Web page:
President Barack Obama urged Russian President Vladimir Putin to consider diplomatic options to end the conflict in Ukraine during an hour-long phone call Thursday, the White House said.
Obama told Putin that Russian troops incursion into Crimea is a violation of Ukraine’s sovereignty and that the United States and its European allies have “taken several steps in response,” according to a readout of the call. Some of those actions include sanctions and U.S. visa bans on officials deemed responsible for the conflict.
The president also reviewed with Putin diplomatic solutions to end the standoff, centered on talks between leaders of Ukraine and Russia overseen by international monitors.
Earlier on Thursday, Obama called for a “path to de-escalation” following a proposed referendum that would allow Crimea to join the Russian Federation.
He is the full White House readout of the call:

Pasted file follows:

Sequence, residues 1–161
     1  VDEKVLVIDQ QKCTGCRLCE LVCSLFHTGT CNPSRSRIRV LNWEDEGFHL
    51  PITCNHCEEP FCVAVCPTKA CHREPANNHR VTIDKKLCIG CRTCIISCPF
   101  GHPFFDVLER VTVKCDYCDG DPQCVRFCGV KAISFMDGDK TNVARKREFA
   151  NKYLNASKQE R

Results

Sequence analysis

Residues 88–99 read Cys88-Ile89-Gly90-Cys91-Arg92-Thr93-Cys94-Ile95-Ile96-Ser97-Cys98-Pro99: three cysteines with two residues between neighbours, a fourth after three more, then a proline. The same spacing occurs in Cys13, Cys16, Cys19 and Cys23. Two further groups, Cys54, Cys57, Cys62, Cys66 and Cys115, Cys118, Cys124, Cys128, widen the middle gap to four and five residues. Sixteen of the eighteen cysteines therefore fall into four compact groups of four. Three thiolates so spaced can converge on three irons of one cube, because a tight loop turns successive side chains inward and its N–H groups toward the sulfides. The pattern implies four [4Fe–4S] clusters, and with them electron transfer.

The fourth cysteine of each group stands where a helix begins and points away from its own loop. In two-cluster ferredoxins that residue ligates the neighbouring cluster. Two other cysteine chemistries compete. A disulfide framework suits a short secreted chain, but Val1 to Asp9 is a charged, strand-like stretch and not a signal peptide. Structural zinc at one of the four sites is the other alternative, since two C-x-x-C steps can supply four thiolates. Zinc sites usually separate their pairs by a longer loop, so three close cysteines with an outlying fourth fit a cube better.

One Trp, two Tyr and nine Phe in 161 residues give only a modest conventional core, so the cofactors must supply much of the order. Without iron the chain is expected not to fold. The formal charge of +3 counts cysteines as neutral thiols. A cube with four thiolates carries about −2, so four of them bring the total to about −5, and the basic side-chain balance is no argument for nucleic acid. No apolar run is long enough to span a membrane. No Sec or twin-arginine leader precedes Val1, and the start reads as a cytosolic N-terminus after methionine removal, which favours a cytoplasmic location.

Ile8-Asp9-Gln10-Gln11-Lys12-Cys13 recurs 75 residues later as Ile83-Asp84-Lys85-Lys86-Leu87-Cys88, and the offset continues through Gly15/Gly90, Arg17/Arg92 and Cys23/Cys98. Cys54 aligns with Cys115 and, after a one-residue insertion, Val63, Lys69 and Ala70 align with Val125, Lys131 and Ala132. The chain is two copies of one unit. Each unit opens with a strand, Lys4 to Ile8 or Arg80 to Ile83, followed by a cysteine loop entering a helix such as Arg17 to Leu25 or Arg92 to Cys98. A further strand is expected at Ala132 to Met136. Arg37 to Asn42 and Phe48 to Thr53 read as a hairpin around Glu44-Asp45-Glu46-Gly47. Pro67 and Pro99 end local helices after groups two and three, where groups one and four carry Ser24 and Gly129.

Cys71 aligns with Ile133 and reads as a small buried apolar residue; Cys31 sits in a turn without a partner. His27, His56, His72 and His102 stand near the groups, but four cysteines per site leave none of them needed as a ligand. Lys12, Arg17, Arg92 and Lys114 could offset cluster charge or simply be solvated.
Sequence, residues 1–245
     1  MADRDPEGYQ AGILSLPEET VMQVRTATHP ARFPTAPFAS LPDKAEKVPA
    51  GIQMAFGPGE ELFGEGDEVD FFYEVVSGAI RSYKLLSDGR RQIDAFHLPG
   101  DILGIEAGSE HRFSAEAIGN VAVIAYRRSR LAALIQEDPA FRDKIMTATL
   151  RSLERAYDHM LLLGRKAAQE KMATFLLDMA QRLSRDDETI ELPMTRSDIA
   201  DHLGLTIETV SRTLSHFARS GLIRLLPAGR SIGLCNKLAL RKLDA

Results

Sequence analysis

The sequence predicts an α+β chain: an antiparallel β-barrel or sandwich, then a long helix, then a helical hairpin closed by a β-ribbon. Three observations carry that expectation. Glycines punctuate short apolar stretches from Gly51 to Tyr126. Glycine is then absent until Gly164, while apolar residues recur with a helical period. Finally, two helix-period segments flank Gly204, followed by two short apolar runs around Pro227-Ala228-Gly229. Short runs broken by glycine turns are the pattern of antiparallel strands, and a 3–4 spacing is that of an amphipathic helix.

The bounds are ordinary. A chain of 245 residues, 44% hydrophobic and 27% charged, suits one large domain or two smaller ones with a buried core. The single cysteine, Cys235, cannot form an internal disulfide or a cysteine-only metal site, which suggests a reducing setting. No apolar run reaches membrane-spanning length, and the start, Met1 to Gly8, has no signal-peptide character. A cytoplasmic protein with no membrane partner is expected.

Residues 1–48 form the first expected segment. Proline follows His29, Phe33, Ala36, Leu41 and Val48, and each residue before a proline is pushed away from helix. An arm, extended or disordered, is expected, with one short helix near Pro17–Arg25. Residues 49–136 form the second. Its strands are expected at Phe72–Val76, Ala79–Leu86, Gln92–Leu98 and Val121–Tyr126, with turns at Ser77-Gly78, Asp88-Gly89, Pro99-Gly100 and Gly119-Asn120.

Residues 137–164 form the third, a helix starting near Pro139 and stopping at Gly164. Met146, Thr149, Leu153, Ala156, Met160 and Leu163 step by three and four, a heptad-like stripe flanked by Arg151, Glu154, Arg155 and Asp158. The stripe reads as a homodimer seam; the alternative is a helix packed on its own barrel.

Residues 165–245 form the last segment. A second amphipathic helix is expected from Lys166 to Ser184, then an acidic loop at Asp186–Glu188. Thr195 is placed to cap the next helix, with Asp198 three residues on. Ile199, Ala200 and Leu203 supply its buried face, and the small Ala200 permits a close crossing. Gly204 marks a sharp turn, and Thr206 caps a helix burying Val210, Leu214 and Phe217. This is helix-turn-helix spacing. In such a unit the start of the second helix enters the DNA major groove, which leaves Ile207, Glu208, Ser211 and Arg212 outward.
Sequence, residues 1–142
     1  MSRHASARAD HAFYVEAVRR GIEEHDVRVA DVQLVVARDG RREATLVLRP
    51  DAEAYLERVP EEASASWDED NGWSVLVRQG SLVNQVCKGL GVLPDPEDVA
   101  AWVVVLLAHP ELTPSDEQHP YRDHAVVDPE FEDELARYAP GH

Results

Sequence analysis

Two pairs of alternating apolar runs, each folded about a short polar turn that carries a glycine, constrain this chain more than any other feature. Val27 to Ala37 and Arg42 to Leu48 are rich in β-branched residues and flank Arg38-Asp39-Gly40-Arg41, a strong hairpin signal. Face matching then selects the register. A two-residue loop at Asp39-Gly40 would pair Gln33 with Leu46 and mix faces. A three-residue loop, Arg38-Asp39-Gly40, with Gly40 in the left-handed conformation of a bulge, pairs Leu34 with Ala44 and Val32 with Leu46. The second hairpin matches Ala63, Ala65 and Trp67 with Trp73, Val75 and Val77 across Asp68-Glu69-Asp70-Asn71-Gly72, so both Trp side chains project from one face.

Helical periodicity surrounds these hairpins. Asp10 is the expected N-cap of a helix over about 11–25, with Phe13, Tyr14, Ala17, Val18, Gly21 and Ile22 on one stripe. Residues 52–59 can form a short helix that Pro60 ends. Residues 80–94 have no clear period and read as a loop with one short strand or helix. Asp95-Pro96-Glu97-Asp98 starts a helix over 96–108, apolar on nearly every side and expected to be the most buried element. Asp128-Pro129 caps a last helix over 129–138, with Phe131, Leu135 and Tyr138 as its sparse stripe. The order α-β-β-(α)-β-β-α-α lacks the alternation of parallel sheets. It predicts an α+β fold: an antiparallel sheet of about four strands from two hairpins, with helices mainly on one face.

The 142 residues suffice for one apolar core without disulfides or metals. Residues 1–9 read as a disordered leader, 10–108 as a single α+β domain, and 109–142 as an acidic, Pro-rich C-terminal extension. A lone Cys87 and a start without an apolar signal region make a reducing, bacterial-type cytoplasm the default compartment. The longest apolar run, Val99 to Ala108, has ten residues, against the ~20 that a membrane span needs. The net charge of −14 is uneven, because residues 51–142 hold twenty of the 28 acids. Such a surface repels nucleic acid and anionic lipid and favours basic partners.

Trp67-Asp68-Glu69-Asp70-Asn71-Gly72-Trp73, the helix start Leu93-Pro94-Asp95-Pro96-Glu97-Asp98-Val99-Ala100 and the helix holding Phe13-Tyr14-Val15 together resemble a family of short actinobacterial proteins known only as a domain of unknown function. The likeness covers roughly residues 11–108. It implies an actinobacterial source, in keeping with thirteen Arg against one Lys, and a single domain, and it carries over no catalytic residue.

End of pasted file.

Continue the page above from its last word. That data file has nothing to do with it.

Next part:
President Obama spoke for an hour this afternoon with President Putin of Russia. President Obama emphasized that Russia's actions are in violation of Ukraine's sovereignty and territorial integrity, which has led us to take several steps in response, in coordination with our European partners. President Obama indicated that there is a way to resolve the situation diplomatically, which addresses the interests of Russia, the people of Ukraine, and the international community. As a part of that resolution, the governments of Ukraine and Russia would hold direct talks, facilitated by the international community; international monitors could ensure that the rights of all Ukrainians are protected, including ethnic Russians; Russian forces would return to their bases; and the international community would work together to support the Ukrainian people as they prepare for elections in May. President Obama indicated that Secretary Kerry would continue discussions with Foreign Minister Lavrov, the government of Ukraine, and other international partners in the days to come to advance those objectives.
First published March 6 2014, 3:40 PM